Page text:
Protective effect of higenamine ameliorates collagen‑induced arthritis through heme oxygenase‑1 and PI3K/Akt/Nrf‑2 signaling pathways

  • Authors:
    • Wenjiang Duan
    • Jianmin Chen
    • Yu Wu
    • Yong Zhang
    • Yuansheng Xu
  • View Affiliations

  • Published online on: September 20, 2016     https://doi.org/10.3892/etm.2016.3730
  • Pages: 3107-3112
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Abstract

Existing in Ranunculaceae Aconitum and tomato, with the chemical name 1‑phydroxybenzyl‑1,2,3,4‑tetrahy‑droisoquinoline, higenamine is widely distributed in China. Higenamine's anti‑inflammatory, antioxidant and anti‑apoptotic effects have been identified in previous studies. The present study attempted to determine the protective effect of higenamine against collagen‑induced arthritis through heme oxygenase‑1 (HO‑1) and PI3K/Akt/Nrf‑2 signaling pathways. A type II collagen (CII)‑induced arthritis (CIA) model was established and clinical arthritis scores were used to appraise the curative effect of higenamine. Inflammatory reactions, oxidative damage and caspase‑3/9 activation were detected using specific ELISA kits. In addition, western blotting was used to evaluate the expression of HO‑1, Akt and Nrf‑2 protein in CII‑induced CIA mice. In CII‑induced CIA mice, the clinical arthritis scores, inflammatory reactions, oxidation damage and caspase‑3/9 activation were increased and activated. The results demonstrated that treatment with higenamine significantly reduced the elevation of clinical arthritis scores (P<0.01), and suppressed the promotion of inflammatory reactions, oxidation damage and caspase‑3/9 activation. Furthermore, higenamine significantly increased HO‑1 protein expression (P<0.01) and upregulated the PI3K/Akt/Nrf‑2 signal pathway in CII‑induced CIA mice. Collectively, it is concluded that higenamine protects against CII‑induced CIA through the induction of HO‑1 and the upregulation of the PI3K/Akt/Nrf‑2 signaling pathway. In conclusion, higenamine may be a beneficial drug for protecting against CIA.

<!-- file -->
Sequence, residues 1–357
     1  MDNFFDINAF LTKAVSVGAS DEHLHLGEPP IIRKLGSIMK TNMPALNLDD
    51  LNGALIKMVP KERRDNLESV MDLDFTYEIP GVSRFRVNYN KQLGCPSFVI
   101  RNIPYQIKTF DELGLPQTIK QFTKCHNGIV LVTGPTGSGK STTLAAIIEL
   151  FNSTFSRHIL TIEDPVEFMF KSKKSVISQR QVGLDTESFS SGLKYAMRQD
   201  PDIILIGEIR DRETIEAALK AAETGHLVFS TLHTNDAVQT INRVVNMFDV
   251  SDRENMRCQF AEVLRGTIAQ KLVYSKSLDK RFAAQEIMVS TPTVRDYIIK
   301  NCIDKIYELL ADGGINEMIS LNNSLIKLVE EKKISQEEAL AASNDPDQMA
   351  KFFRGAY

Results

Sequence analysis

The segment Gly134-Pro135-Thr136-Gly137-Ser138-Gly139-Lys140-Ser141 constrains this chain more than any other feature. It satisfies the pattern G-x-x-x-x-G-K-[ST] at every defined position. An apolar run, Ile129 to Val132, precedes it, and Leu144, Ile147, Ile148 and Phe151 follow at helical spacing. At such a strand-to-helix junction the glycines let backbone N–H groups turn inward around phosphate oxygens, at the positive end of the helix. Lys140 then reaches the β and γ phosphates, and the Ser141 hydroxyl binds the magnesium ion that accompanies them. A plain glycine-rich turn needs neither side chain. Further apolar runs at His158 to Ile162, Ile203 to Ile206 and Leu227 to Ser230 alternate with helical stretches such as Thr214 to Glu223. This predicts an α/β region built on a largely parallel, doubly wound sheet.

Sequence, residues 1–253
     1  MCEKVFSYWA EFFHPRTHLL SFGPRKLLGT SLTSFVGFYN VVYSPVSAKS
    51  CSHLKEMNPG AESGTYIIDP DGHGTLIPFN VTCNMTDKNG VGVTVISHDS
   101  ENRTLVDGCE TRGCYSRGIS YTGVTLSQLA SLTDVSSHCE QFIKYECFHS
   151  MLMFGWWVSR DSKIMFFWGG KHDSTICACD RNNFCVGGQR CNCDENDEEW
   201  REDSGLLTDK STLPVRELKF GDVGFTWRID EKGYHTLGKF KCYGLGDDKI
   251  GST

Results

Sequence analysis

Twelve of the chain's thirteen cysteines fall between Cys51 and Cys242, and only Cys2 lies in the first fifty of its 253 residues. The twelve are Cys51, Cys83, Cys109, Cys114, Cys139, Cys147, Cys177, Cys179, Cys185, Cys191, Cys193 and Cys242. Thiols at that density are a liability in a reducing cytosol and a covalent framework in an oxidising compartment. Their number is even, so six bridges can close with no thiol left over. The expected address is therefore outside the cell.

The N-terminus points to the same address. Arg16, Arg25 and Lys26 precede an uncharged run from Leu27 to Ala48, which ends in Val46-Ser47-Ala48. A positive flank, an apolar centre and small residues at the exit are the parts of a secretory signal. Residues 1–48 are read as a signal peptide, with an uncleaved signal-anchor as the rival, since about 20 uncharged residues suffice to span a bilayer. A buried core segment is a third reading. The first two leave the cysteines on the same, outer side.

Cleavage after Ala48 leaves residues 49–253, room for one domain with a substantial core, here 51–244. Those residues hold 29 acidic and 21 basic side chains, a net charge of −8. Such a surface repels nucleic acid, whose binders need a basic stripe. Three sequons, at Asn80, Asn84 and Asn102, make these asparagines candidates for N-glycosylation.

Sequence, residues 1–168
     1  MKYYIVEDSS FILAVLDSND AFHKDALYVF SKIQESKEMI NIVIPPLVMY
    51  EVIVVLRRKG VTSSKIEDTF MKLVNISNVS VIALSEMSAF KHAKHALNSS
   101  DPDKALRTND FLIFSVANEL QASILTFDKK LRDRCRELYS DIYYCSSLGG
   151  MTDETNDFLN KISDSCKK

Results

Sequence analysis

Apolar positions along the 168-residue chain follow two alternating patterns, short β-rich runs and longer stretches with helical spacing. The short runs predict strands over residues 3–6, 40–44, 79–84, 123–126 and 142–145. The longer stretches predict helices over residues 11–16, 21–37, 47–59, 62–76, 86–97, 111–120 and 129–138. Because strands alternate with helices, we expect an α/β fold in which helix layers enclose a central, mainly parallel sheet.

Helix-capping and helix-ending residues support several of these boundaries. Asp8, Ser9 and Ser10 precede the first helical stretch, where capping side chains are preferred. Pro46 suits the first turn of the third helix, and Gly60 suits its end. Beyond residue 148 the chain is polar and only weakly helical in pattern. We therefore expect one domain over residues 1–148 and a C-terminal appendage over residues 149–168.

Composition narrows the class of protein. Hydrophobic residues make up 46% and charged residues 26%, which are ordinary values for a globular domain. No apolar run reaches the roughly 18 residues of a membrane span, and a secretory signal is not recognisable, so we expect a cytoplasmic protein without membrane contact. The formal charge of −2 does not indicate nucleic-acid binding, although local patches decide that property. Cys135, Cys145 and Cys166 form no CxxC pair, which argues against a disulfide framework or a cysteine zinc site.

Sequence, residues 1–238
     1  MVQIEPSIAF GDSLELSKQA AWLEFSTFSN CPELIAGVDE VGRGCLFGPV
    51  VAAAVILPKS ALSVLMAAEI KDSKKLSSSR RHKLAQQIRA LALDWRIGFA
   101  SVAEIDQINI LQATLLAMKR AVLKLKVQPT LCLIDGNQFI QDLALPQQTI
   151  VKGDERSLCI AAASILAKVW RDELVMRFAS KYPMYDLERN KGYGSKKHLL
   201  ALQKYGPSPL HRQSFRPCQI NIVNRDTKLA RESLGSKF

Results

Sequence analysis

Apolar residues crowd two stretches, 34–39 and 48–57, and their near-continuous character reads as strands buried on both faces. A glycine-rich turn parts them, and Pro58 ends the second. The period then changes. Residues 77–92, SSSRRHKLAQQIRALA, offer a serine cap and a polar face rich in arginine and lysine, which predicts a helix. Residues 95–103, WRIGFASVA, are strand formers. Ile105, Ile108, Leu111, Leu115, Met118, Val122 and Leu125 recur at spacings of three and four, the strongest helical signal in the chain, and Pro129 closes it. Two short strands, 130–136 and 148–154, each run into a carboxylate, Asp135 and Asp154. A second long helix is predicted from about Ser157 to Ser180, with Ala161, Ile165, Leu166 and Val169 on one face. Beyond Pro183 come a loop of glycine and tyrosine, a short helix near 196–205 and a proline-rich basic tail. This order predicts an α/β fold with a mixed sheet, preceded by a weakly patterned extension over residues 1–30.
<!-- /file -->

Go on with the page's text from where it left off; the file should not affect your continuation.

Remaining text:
Introduction

Rheumatoid arthritis (RA) is a type of chronic and systemic autoimmunity disease that is characterized by erosive joint synovitis (1). The morbidity of women is 2 fold higher than men (2). The morbidity of RA is 0.01–0.05% and the nosometry is 0.18–1.07% in different populations worldwide (2). As a result, RA is a disease which has incapacitated numerous laborers in China (3). According to the epidemiological investigation in the United States, the difference between the mortality rate of patients with RA and healthy individuals is increasing (4). Nosogenesises of RA is currently unclear, but heredity, infection, immunity, endocrine and other factors are possible relevant pathogenic factors (4,5).

Dysfunction of the immune system is the primary cause of RA, but the underlying mechanisms are unclear (6). Animal models must be established to determine the mechanism. There are two types of existing animal models of arthritis; one is adjuvant-induced arthritis and the other is arthritis induced by arthrogenic autoantigen, which is the arthritis induced by collagen (CIA) (7). CIA has been studied frequently, and its clinical symptoms and pathological characteristics are the same as RA (8). As a result, CIA is the most commonly used animal model for RA (8).

Ranunculaceae Aconitum is a traditional Chinese medicine that is used as a long-term cardiotonic drug, whose active constituent is a type of alkaloid named higenamine, which is extracted from Ranunculaceae Aconitum's rhizome (9,10). However, the mechanism underlying the protective effect of higenamine on CIA has, to the best of our knowledge, never been investigated. In the present study, the protective effect and associated underlying mechanism of higenamine against CIA is investigated.

Materials and methods

Materials